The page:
If you've read any of the public statements that LightSquared has made in the ongoing saga of its attempted LTE launch, you've no doubt been struck by the sense of outrage emanating from the company. Sprint's decision today to "exercise its right" to back out of using LightSquared hasn't cowed the company, if anything it's made LightSquared even more apoplectic.
True, the company's press release about Sprint's decision was all roses, with phrases like "Sprint's decision will enhance our working capital" and "Sprint has been a valued partner." However, in another press release that was surely timed to coincide with Sprint's announcement, LightSquared once again lit into the FCC for its decision to nix the fledgling LTE network. It accuses the FCC of running afoul of "constitutional issues" in a "bait and switch by the federal government of historic scale."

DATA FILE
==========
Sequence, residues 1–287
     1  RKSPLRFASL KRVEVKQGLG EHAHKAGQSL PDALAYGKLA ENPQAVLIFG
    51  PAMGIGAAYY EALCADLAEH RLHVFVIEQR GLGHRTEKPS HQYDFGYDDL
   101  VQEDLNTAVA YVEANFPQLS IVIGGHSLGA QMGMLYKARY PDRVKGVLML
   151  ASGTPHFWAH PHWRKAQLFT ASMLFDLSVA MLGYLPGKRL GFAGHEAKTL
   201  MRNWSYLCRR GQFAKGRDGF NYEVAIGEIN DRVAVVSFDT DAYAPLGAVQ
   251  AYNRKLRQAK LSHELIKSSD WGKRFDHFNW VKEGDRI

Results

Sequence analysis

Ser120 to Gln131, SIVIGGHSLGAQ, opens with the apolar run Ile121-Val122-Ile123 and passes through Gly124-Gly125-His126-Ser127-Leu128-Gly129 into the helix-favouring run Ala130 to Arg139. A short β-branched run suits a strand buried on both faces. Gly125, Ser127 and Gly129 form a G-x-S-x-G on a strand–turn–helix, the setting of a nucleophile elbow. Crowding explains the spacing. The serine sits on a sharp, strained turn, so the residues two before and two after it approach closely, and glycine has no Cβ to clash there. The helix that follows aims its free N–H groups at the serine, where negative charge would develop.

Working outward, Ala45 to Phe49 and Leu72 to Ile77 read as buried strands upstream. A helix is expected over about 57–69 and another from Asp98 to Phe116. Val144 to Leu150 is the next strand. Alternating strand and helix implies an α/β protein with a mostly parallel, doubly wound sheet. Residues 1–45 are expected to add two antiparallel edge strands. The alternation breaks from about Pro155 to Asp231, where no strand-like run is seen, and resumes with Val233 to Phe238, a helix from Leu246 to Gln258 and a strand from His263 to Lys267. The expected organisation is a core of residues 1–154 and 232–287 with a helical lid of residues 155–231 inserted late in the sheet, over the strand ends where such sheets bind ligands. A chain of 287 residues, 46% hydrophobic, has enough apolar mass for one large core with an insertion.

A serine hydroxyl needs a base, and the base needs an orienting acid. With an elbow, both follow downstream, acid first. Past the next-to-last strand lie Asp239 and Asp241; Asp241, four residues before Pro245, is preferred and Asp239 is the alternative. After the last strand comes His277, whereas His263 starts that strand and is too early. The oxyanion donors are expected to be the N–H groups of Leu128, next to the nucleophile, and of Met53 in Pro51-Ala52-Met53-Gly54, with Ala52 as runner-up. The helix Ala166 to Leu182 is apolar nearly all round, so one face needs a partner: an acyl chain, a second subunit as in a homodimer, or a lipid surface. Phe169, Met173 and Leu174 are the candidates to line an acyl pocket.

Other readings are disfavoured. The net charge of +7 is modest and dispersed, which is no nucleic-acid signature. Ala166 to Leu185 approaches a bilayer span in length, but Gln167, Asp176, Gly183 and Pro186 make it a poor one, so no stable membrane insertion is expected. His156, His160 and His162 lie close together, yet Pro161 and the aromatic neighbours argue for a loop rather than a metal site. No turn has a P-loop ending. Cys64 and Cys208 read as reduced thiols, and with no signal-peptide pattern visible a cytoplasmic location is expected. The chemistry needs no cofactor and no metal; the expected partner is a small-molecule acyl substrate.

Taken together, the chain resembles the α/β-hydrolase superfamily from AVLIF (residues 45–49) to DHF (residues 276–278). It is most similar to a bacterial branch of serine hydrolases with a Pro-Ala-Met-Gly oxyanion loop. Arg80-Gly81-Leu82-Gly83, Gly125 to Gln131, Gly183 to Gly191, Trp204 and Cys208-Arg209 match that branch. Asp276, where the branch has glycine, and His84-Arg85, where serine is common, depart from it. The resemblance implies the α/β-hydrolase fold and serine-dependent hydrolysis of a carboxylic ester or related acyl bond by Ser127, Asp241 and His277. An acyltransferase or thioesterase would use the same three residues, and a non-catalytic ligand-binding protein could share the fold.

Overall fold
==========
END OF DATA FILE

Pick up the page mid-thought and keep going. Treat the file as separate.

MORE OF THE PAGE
The press release's purpose is to call out that LightSquared has appealed the FCC's proposed decision to not approve its LTE network. LightSquared contends that the FCC has spent seven years hinting that the network would be good to go and now, at the 11th hour, is changing its mind. The company also repeated its claim that the tests which revealed GPS interference were "based on a deeply flawed and biased testing processes of an entirely theoretical network that did not even resemble Lightsquared's actual network in basic respects." The company is demanding the FCC to either reconsider its decision or, as GigaOm reports, to provide LightSquared with "less controversial spectrum over which to launch its network."
LightSquared feels jilted and is understandably concerned about the "billions of dollars of investment capital" that's at stake here. Even so, Sprint is out of the picture as an ally and organizations like the Department of Transportation, the Department of Defense, and even the American Soybean Association (agriculture is no small lobbying block) are all aligned against it. In that context, LightSquared's bluster is beginning to sound like the company knows that it's more likely to burn out than to fade away.